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About the product
- Players enjoy a mix of exploration-adventure gameplay, with light RPG elements such as inventory management, character leveling and varied attacks, added into the mix.
- The game’s focus is on human drama as a boy wanders a lonely post-apocalyptic world in search of answers and companionship.
- High production values bring the desolate but eerily beautiful world to life as lighting reflects realistically off environments to show all the minor details of a previously inhabited land.
- A haunting and inspired soundtrack help convey the full range of emotions of utter despair to finding small victories even when it appears all is lost.
- The Wii Remote is used as a flashlight and also as a proximity sensor to track invisible ghosts, while Seto's movements are controlled using the attached nunchuk's analog stick.
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Seto is a young boy that is extremely special; he may be the last human being alive on the planet. In a post-apocalyptic world that’s covered in fog and lost its light, he searches abandoned cities tirelessly with a flashlight in hopes of finding other humans, any human. As Seto searches through these eerily calm and beautiful ruins of a civilization lost, he comes across a mysterious girl named Ren, who quickly scurries away from him despite possibly being the only other living human in the world. As he struggles to be reunited with Ren and search for other survivors, he must fight off the ghosts and demons that haunt this forsaken land while also piecing together the mystery of what brought about the disappearance of all mankind. Fragile: Farewell Ruins of the Moon is the latest creation from tri-Crescendo, the acclaimed development team behind Eternal Sonata. It is an emotional tale about a boy alone in a post-apocalyptic world, and the high production values behind the gorgeous graphics and moody soundtrack really draw the player into the story of possibly being the only human being left on a deserted world. The game focuses on exploration and adventure, with light RPG elements.
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The story revolves around Seto, a lonely boy who embarks on a journey after an old man, the only other human he has ever known, dies. The world he ventures into is a post-apocalyptic Japan riddled with old spirits of a civilization lost around 15 years ago. Seto is alone for the entire game, technically, for he meets various other characters, only one of which is human. The rest are spirits, robots and even a talking electronic device. Spirits of the dead haunt every corner and appear to Seto through bitter envy of him still living, and try to take his life away. Seto's goal is to find the silver-haired girl, who is the first person he meets other than the old man. Throughout the game, you are joining him on his journey, a journey that becomes much more complicated than just that.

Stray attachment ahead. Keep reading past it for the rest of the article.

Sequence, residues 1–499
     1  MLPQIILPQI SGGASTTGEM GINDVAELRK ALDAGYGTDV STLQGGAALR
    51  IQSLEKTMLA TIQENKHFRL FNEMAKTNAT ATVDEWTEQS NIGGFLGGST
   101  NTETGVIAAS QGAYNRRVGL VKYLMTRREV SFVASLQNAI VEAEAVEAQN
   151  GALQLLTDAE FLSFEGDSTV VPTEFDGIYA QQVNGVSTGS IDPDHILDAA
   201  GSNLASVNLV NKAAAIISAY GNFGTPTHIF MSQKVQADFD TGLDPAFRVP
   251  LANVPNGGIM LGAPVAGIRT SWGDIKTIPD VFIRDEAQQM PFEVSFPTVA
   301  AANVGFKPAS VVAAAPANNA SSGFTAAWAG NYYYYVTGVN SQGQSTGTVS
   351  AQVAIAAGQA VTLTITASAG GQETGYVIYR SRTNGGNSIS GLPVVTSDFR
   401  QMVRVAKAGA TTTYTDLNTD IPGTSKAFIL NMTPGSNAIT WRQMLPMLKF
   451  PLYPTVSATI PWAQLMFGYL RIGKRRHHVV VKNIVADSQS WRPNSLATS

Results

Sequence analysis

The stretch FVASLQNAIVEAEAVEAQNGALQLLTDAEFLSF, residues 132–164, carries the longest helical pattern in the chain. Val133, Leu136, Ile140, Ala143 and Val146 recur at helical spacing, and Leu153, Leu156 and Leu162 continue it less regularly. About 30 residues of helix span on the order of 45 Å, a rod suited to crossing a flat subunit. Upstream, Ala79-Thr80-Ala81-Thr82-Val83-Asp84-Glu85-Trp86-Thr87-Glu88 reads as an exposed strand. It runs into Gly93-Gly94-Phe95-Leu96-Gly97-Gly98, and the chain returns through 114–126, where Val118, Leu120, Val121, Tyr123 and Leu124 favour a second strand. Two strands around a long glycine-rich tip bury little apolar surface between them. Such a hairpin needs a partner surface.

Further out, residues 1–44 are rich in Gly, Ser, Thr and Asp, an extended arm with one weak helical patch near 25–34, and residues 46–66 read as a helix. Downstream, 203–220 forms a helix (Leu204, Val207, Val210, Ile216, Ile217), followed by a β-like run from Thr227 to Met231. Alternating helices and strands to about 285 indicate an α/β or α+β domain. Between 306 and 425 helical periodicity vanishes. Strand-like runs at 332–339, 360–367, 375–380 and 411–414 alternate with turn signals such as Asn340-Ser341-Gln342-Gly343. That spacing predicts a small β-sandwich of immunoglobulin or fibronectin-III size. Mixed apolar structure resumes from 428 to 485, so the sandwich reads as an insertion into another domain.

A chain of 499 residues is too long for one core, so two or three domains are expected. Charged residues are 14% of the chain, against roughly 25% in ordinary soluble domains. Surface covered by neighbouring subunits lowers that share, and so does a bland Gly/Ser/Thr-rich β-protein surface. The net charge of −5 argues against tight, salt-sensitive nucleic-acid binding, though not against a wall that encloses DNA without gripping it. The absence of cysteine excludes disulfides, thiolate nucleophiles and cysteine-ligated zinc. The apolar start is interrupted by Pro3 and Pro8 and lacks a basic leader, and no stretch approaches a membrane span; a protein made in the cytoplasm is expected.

All of this is the game's strongest point: its presentation. This is a story that will grip you by the heart and force you to see it through to the end. And trust me, it's worth every second. Xseed released a lot of very impressive games this generation, and this is no exception. Throughout the game, you will find many objects that people have left behind before they all died. These objects contain memories which Seto can listen to whenever he brings them back to a save point (more on this later). These memories give the world its depth. Much of them contain heartwarming memories of people when they were alive. Some are funny. Others are sad. Many emotions surround every corner of this game and you will feel it. You will also learn about plot-relevant past events via these memories, so finding these items is critical in order to fully enjoy the game.
The graphics and detail are also very well-done, especially for the Wii. It's no Xenoblade, but this game focuses more on intimate locations: inside old buildings, an amusement park, hallways, etc. You may find yourself looking around every room before moving on just to take in all of the details. Things people have left behind, nature's toll on structures over time. It feels very real, like you're part of the game. Cutscenes are executed very well too. The game's soundtrack is phenomenal. Every piece of music in the game is beautiful, and sets the tone of your situation perfectly. Even if you think this this game is not for you, the music is worth listening to on its own.